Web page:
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Kroger a ‘compelling investment’

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CINCINNATI — In his annual letter to Kroger Co. stockholders, chairman and chief executive officer Rodney McMullen characterized 2015 as a “triple crown” year, a baseball reference to the relatively rare instance in which a player leads his league in three offensive categories: batting average, home runs and runs ­batted in.

In Kroger’s case, the three leading metrics are same-store sales growth, employee opportunity and shareholder return, McMullen explained in his May 12 letter. “We achieved our 12th consecutive year of positive identical-supermarket sales growth; improved overall engagement with and created more opportunity for associates; and delivered financial results in line with our long-term growth objectives and a total shareholder return of 13.63%.”

McMullen, who described himself as a lifelong baseball fan, noted that Kroger’s financial performance, unlike baseball’s triple crown, “wasn’t a rarity.”

He continued, “Kroger is a compelling investment because of our ability to deliver remarkably consistent results. That consistency can at times make it easy for our results to be taken for granted. But I can assure you this: we don’t take Kroger’s success for granted, not for a second. To repeat what I said above, what makes our team of associates so special is that we are never satisfied with what we’ve already accomplished. Kroger may be 133 years old but we are just getting started.”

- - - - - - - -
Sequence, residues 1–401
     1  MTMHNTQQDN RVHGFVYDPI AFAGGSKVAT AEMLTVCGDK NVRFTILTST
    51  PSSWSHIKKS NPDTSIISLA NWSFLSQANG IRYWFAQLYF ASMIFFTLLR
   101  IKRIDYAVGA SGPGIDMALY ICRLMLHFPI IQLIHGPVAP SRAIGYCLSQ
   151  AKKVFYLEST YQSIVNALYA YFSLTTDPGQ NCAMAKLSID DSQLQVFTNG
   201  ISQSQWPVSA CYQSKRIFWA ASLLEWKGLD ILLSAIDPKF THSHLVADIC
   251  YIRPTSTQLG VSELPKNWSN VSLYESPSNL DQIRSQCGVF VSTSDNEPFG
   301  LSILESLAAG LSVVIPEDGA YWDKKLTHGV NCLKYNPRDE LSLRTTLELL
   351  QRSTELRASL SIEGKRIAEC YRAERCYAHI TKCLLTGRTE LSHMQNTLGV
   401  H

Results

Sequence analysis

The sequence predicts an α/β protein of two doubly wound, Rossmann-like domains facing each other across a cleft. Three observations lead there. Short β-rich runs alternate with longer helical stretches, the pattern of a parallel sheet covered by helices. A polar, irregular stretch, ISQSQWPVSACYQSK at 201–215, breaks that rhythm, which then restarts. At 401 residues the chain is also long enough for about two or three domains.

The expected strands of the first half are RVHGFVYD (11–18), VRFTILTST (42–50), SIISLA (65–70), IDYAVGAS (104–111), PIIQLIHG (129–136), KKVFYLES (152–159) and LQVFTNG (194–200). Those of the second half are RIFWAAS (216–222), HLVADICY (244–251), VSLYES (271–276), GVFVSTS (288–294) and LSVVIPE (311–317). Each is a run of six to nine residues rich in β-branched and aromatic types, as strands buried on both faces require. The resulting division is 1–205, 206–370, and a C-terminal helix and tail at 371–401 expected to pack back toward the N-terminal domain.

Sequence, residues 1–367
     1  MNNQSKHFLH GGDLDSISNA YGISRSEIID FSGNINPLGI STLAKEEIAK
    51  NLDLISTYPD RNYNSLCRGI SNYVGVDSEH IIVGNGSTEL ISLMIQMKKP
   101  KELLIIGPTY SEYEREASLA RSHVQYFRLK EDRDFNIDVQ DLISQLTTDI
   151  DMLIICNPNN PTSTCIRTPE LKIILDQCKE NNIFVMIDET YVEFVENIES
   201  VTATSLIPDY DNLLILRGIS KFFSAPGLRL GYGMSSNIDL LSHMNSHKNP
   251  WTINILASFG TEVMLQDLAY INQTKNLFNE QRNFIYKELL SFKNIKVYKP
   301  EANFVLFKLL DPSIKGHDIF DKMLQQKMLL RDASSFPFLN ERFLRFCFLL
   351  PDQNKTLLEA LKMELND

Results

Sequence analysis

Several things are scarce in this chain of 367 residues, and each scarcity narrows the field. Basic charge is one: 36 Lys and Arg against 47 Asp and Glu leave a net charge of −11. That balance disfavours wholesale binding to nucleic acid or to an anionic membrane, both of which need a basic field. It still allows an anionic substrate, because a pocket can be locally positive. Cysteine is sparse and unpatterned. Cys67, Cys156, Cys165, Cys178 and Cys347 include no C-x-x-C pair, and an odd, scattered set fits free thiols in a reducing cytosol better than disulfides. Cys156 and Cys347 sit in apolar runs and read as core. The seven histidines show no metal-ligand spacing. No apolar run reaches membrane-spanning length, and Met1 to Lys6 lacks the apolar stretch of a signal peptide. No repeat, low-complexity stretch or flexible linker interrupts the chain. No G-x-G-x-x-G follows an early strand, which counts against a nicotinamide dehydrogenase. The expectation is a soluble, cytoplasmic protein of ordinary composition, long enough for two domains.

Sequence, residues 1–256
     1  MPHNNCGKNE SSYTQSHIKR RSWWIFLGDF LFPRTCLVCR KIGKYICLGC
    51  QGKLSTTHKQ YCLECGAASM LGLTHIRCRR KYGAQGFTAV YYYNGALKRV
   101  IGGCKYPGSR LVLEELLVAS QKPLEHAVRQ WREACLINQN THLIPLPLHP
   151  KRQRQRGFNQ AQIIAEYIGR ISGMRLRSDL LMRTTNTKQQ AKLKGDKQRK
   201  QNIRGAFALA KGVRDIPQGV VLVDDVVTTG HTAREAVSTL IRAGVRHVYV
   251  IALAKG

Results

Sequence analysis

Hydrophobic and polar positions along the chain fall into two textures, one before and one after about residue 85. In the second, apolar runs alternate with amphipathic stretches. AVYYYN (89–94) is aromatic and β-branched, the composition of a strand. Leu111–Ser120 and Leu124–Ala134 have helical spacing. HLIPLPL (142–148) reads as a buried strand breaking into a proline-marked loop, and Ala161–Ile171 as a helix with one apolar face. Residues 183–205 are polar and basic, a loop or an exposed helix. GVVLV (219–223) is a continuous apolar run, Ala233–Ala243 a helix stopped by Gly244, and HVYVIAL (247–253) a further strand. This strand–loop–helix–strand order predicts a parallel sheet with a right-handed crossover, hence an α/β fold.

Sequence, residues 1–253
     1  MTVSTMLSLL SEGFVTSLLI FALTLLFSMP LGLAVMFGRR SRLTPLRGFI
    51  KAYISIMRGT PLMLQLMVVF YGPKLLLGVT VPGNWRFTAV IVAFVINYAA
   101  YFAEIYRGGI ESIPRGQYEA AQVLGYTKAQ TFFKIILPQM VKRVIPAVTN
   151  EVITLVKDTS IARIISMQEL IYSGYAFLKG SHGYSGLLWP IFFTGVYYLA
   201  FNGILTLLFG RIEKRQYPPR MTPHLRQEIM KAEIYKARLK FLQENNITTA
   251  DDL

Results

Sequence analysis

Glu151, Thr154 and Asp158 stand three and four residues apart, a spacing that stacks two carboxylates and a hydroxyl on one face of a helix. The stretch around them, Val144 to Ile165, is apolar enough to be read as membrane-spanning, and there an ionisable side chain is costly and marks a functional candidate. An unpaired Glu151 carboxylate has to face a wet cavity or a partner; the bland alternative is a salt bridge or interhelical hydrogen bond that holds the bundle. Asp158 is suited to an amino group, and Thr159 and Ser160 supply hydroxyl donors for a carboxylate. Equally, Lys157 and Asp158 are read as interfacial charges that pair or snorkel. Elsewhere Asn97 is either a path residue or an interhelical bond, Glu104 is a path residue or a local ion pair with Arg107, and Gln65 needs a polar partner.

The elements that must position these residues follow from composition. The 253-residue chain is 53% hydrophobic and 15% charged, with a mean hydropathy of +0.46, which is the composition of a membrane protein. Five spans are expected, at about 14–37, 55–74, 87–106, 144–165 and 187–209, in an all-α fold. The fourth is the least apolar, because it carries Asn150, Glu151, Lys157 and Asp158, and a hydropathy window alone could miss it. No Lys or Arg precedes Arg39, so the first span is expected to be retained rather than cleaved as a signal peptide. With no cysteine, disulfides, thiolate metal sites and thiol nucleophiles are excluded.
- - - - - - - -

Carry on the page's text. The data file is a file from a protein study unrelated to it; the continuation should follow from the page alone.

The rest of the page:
McMullen’s letter also details what management intends to do to keep the hits coming.

“We look at growth initiatives in three categories: our core business, beyond the core and innovation,” he declared. “Balance among these three areas is crucial to our strategy. Too many companies over-focus on innovation in the hopes of discovering the next big thing. Balance — the integration of these strategic elements across our business — is how we’ll continue to win with customers and create sustainable long-term value for shareholders.”

As it executes on its business plan, Kroger continues to experiment with new technologies, products and store formats, McMullen noted.

“We believe that customers and associates increasingly make decisions based on how well companies take care of their people, their communities and the planet,” he added. “This is especially true of Millennials, who make up more than half of Kroger’s workforce today.”


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